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SCHULLER: from Seven Studies on Themes of Paul Klee
TCHAIKOVSKY: Violin Concerto in D major, op. 35
JAKE HEGGIE/CRISTIAN MĂCELARU: Suite from Moby-Dick
COPLAND: Four Dance Episodes from Rodeo
One of the most beloved violin concertos in the repertoire is played by a brilliant new young talent. Bartók and Copland’s masterful miniatures further delight on this fun, summery program.
Although it has long been an indispensable part of the repertoire, Tchaikovsky’s Violin Concerto got off to a rocky start. The work was written on the heels of Tchaikovsky’s brief, disastrous marriage and a suicide attempt. What followed was a brilliant burst of creativity. “My heart is full. It thirsts to pour itself out in music,” he wrote. Unfortunately, what poured out was rejected by the great violinist Leopold Auer, to whom it was dedicated. He refused to play it, and when it was finally performed—horribly—two years later, the critic Eduard Hanslick called it music “whose stink one can hear.” Today it is hard to believe that the work’s overwhelming lyricism, hauntingly beautiful slow movement, and brilliant pyrotechnical finale ever evoked such a response. Esther Yoo—Aspen alumna, the youngest prize winner of the Sibelius Violin Competition, and the first ever Artist in Residence with the Royal Philharmonic Orchestra—is acclaimed for her “dark, aristocratic tone” (Gramophone Magazine) and “balanced grace” (The Herald).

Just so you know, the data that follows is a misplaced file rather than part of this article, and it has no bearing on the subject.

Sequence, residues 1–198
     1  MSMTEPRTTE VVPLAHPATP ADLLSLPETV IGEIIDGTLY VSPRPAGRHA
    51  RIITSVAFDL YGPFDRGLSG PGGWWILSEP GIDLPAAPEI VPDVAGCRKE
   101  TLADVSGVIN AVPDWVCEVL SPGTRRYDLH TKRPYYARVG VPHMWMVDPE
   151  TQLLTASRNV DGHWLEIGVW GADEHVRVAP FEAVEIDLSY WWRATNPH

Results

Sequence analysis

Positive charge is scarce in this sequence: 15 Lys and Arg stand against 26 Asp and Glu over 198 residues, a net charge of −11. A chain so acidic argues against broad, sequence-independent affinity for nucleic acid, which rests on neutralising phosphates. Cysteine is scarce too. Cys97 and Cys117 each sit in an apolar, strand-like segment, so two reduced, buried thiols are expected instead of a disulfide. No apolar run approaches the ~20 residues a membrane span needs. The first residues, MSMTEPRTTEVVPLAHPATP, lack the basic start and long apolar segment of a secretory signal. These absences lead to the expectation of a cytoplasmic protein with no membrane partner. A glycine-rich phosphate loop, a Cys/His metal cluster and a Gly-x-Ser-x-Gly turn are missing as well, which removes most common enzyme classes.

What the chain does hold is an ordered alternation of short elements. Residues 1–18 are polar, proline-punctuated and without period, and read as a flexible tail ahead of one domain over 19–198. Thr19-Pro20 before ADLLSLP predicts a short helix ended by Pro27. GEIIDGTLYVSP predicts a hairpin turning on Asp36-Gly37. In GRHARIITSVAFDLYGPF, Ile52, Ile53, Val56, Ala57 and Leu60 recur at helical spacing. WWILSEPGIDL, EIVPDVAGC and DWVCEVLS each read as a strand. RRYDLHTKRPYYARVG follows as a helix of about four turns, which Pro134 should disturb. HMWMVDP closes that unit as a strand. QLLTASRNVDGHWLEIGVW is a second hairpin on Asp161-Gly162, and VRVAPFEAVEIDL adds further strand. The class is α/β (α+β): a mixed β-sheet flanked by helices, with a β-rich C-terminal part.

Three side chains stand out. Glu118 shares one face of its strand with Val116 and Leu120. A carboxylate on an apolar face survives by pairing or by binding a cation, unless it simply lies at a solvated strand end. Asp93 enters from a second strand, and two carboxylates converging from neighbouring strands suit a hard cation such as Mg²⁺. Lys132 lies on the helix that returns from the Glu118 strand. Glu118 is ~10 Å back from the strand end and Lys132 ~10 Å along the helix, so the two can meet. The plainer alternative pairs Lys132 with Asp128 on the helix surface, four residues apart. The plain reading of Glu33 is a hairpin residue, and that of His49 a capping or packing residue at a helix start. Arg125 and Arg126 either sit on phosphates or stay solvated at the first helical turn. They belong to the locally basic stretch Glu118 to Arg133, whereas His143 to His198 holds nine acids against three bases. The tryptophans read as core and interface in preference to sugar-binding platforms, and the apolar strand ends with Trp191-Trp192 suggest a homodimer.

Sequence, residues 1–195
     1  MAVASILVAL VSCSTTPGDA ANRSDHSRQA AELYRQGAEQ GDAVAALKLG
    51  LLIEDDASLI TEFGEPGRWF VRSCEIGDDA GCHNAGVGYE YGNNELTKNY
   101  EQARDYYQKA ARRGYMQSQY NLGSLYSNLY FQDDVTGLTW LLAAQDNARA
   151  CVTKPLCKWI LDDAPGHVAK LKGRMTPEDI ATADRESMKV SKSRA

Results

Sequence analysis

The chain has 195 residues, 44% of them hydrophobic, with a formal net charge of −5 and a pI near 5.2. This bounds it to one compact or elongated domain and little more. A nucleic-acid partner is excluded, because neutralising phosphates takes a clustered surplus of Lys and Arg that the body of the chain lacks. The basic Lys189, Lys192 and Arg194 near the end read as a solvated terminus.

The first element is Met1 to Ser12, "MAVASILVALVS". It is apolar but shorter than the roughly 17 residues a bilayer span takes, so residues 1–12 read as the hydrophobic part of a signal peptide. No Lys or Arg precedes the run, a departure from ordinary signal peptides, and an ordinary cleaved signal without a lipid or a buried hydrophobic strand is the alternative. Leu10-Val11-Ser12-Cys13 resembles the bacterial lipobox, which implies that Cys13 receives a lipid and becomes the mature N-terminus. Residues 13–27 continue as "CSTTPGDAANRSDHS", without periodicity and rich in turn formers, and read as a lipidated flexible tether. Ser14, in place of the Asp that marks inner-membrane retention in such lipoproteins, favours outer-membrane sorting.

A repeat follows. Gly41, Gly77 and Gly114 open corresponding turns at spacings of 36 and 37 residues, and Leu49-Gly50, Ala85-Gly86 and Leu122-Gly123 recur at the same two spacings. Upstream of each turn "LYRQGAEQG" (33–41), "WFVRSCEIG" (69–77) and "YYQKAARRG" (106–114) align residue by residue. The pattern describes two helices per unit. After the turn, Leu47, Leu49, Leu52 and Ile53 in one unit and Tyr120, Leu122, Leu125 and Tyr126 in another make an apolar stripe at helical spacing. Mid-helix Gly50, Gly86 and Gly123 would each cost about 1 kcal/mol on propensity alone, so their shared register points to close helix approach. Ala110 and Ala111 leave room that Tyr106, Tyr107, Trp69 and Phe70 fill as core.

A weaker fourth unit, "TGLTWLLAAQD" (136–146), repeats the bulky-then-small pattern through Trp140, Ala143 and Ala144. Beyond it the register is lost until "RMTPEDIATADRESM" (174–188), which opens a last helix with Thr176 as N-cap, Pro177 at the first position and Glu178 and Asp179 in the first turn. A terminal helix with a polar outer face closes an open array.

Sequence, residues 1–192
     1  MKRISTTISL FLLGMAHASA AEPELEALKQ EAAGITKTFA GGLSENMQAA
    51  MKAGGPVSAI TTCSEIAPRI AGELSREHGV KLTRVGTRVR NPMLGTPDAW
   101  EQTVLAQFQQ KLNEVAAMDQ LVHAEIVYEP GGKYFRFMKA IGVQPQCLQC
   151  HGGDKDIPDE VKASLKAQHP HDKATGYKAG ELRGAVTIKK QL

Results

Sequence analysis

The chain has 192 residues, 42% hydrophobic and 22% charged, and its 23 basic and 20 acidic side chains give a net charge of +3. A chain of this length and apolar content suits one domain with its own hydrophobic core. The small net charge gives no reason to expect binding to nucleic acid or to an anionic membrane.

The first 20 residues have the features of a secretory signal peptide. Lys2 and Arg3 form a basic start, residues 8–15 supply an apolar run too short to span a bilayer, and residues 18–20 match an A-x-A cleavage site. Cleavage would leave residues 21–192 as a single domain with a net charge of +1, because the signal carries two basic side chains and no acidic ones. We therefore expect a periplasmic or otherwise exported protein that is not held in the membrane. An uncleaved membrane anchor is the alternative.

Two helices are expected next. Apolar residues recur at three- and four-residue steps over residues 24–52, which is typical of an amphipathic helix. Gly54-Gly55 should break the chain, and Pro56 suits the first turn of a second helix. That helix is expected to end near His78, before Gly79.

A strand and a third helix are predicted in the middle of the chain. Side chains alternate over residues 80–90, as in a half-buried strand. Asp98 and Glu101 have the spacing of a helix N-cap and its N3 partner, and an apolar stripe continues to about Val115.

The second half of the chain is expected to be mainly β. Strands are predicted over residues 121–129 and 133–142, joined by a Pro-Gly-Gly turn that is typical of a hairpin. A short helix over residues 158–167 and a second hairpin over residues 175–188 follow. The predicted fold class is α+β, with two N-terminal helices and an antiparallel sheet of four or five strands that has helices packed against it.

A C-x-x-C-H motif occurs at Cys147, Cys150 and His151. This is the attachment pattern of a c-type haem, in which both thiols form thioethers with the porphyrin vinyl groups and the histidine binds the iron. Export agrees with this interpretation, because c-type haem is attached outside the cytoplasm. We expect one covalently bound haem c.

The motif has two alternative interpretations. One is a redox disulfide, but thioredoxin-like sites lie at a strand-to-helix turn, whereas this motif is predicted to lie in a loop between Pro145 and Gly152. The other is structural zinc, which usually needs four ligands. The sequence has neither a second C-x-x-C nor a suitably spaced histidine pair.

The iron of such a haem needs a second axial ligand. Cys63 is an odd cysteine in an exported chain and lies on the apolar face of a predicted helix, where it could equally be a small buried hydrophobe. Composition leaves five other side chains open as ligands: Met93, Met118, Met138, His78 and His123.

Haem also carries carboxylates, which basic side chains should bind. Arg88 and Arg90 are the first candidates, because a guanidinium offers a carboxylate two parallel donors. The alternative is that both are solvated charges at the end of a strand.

Two works by American composers bookend this varied program. Selections from Gunther Schuller’s Seven Studies on Themes of Paul Klee also reflect his love of jazz. After Copland wrote the ballet Billy the Kid, a young, unknown choreographer named Agnes DeMille asked him to compose a second Western ballet which she described as “Taming of the Shrew with cowboys.” The result was the audience charmer, Rodeo, which always delights!